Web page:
MUMBAI: Malaysia, the world’s second-biggest palm oil producer, could extend duty free exports until the end of 2014 if prices of the tropical oil remain at current levels, a leading palm oil producer told Reuters in an interview.
Malaysia has allowed duty free exports of crude palm oil for September and October. A further extension in duty free exports would help it reduce stockpiles but also put pressure on rival top producer Indonesia to consider similar measures.
Indonesia has allowed duty free exports for October in response to the Malaysian duty structure.
“If prices remain at the current level, then Malaysia could allow duty free exports in November and December,” Mohd Emir Mavani Abdullah, chief executive officer of the world’s third-largest palm plantation operator Felda Global Ventures Holdings Bhd, told Reuters.
Both Malaysia and neighbour Indonesia set export taxes on a monthly basis. In August, Malaysia’s export duty for crude palm oil was 5 percent, while Indonesia has set its September rate at 9 percent compared with 10.5 percent in August.
Malaysian palm oil futures settled at 2,177 Malaysian ringgit ($668.40) per tonne on Friday, after hitting a 5-1/2-year low at 1,914 ringgit on Sept. 2.
Palm oil has fallen a quarter since its March peak of 2,916 ringgit. The duty free exports have been helping in bringing down stockpiles in Malaysia, Mohd Emir said.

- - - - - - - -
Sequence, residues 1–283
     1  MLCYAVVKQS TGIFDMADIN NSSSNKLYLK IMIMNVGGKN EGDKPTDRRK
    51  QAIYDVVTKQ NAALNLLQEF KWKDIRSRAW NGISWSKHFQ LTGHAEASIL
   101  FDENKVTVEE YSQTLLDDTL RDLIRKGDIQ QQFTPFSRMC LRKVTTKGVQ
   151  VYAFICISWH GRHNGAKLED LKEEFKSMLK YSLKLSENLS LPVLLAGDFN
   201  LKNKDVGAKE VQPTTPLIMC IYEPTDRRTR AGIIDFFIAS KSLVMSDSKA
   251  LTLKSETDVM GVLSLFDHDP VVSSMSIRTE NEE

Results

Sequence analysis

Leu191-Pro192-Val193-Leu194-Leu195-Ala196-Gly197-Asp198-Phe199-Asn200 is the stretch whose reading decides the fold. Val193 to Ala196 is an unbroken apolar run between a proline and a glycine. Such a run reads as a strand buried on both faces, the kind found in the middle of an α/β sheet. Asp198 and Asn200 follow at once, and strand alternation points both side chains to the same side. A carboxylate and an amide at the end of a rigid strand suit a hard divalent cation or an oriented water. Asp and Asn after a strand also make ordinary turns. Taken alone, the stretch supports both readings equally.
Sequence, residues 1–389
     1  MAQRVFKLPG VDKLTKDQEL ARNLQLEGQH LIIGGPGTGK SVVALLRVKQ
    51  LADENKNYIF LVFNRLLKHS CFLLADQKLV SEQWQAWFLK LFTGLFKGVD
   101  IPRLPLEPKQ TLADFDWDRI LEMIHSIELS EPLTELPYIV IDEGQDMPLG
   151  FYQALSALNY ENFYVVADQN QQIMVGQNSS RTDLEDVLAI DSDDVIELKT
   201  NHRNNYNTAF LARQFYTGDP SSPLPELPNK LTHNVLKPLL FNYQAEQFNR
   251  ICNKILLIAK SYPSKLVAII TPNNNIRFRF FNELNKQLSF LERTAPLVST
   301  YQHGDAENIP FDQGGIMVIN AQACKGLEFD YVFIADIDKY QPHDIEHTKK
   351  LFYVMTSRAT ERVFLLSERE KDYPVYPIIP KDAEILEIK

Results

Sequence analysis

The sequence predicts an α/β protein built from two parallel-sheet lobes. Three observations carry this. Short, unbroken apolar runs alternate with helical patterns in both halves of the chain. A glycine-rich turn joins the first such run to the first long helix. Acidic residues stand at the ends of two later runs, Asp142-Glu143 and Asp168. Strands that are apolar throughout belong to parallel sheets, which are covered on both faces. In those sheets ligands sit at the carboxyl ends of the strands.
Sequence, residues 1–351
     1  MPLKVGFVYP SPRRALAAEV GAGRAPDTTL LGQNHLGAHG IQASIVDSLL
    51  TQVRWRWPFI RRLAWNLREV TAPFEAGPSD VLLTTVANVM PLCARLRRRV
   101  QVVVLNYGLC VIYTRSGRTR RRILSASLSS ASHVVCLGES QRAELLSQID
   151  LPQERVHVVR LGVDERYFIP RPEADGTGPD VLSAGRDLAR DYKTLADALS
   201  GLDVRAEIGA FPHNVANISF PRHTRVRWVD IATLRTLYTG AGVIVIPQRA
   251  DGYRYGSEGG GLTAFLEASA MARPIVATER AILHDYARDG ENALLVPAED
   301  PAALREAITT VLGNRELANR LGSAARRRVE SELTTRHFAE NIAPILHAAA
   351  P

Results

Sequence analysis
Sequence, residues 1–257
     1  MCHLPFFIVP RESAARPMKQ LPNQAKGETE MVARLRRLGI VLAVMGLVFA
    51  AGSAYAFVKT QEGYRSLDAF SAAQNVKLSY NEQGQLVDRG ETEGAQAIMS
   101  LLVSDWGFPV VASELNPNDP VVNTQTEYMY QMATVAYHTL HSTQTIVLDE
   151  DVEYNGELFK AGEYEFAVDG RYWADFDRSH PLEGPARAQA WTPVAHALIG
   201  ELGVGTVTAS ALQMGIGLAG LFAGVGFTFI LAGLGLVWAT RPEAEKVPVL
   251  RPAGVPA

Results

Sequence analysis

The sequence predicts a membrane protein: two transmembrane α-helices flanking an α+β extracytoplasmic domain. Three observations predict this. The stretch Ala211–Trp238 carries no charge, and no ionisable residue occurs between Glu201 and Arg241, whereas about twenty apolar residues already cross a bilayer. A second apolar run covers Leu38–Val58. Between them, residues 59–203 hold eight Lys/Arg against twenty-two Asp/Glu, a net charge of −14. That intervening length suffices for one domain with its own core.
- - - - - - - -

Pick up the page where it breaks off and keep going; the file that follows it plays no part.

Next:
Felda Global is planning to enter India, the world’s biggest importer of palm oil, by setting up a port-based refinery with a local partner, said Mohd Emir, who was in Mumbai for a Globoil India conference.
“We are examining a couple of proposals now,” he said.
India’s palm oil imports in the 2014/15 marketing year starting in November are forecast to surge to 9 million tonnes, compared with 2.6 million tonnes in 2005/06.
Industry officials like Dorab Mistry of India’s Godrej Industries believe India’s imports would rise significantly in coming years due to stagnant local production and rising demand.
Felda Global has been examining a few proposals by Indian companies and could finalise a partner for the refinery by the end of this year after approval from its board, Mohd Emir said.
India’s duty structure favours imports of crude palm oil over refined product, so it makes sense to have a refinery in India, he said.
Indian refiners are seeking a 15 percent higher import duty on refined palm oil over crude to arrest the flow of refined palm products.
A Malaysian company is also planning to tie up with an Indian partner to cultivate oil palm in India, which has been struggling to raise production in southern states, Mohd Emir said. -Reuters
Source : The Star